Factors such as a lack of access and shame often keep people from getting diagnosed at all, McLendon said.
“People are just so afraid to talk about these issues,” she said.
At a testing event in June at a South Carolina Church, McLendon said she met a man who had recently tested positive for HIV. He wasn’t surprised by the diagnosis. In fact, he’d known for some time he’d had the virus, but shame and a lack of resources — the man was homeless — had prevented him from getting treatment. The only reason he’d gone in to get tested was that he was hungry and the volunteers at the event were handing out free hot dogs to anyone willing to get tested.
“When the minister and he were waiting at the medical provider’s office, the man told the minister — who was wearing a collar — that he could not believe that a clergy person would care about him,” McLendon said. “He assumed that people of the church would not approve of him or want anything to do with him, much less help him or be kind.”
But it’s not just those in poverty who are afraid to seek help. Duckett and his husband, who’s HIV negative, have a steady income and live in a stable home. After Duckett’s diagnosis, he said it took his husband months to get tested.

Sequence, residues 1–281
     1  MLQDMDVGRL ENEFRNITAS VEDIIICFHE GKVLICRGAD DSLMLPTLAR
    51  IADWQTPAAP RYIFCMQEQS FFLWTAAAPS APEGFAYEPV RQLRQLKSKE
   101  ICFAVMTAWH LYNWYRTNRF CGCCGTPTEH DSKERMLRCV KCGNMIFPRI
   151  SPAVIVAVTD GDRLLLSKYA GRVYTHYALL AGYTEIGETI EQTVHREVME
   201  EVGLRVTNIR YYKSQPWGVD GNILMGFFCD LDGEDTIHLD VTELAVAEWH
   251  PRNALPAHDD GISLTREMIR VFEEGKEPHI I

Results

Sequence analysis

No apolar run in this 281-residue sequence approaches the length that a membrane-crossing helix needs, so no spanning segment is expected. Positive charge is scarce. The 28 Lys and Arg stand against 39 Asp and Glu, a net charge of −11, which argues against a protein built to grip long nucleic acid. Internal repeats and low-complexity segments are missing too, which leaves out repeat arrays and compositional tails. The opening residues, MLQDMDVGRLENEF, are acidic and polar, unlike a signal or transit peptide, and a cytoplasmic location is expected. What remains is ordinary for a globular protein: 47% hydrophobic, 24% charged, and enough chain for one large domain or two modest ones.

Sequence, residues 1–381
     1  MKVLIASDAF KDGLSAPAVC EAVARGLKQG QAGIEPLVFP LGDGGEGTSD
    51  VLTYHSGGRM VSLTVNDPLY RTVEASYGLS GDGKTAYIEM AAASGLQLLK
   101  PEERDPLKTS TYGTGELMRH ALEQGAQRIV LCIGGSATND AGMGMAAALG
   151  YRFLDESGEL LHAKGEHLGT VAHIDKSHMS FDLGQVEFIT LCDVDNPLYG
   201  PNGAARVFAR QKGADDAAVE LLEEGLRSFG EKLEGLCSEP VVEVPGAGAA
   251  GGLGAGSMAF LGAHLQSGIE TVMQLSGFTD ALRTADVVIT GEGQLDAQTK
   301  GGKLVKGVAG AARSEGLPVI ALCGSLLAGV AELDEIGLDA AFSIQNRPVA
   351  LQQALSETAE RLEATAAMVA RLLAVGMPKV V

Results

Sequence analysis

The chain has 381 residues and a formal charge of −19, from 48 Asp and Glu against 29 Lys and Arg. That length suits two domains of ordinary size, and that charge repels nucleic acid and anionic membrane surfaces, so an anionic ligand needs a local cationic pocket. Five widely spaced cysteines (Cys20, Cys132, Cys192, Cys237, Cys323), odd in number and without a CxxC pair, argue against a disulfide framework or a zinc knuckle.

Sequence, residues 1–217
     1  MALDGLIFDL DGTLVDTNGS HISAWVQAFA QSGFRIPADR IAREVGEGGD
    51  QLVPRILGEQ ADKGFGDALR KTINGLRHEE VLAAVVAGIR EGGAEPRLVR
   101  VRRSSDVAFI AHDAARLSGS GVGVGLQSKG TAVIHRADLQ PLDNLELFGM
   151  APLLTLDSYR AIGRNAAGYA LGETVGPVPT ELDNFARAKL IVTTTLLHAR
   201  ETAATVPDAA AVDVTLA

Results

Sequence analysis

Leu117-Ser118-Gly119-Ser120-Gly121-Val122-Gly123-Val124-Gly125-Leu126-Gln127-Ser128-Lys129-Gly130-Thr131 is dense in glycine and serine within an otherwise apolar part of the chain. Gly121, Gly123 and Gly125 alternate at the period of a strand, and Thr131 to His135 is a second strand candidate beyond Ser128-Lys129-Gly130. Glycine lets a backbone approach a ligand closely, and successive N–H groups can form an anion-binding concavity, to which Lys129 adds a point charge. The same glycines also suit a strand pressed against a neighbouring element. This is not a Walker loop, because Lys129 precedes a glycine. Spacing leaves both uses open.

“He was afraid to get tested for a long time because of the stigma, because we were still learning about a lot of stuff,” Duckett said. “He ended up getting MRSA and that’s what it took for him to get tested and find out he was negative.”
But even for the financially stable, treatment, at first glance, might appear cost prohibitive. For instance, Duckett’s medication costs $3,000 a month. However, AIDS service organizations — nonprofits that help people infected with the virus — provide comprehensive financial assistance to anyone seeking treatment.
“At the clinic I volunteer at, when we do find a positive, the first thing we do is link them to an ASO so they can get the treatment,” Duckett said. “And the ASOs, they help you with medicines and every single thing you could need.”
McLendon said people who engage in unprotected sex with multiple partners or use intravenous drugs — though IV transmission accounts for less than 1 percent of all infections in the state — are more open to the disease, but anyone who’s had sex in the past 35 years, even in a monogamous relationship, is at risk.
“A woman, who I’ve become good friends with, discovered just a year ago that she was living with HIV and she had had it for years,” she said. “The only two men she’d slept with were her first husband and her second husband. She insisted that her second husband get tested once she was diagnosed and he does not have HIV. So it was her first husband.”
There have been huge strides made in combating the disease with 136 people dying in the state in 2015, down from 259 in 2006, according to DHEC. Education and acceptance, McLendon said, are the best ways to combat the spread of the virus.
“In care, the disease is utterly manageable,” she said. “There are stories, not just in South Carolina, but throughout the world, where it’s the silence that is brought on by stigma. That’s what’s killing people.”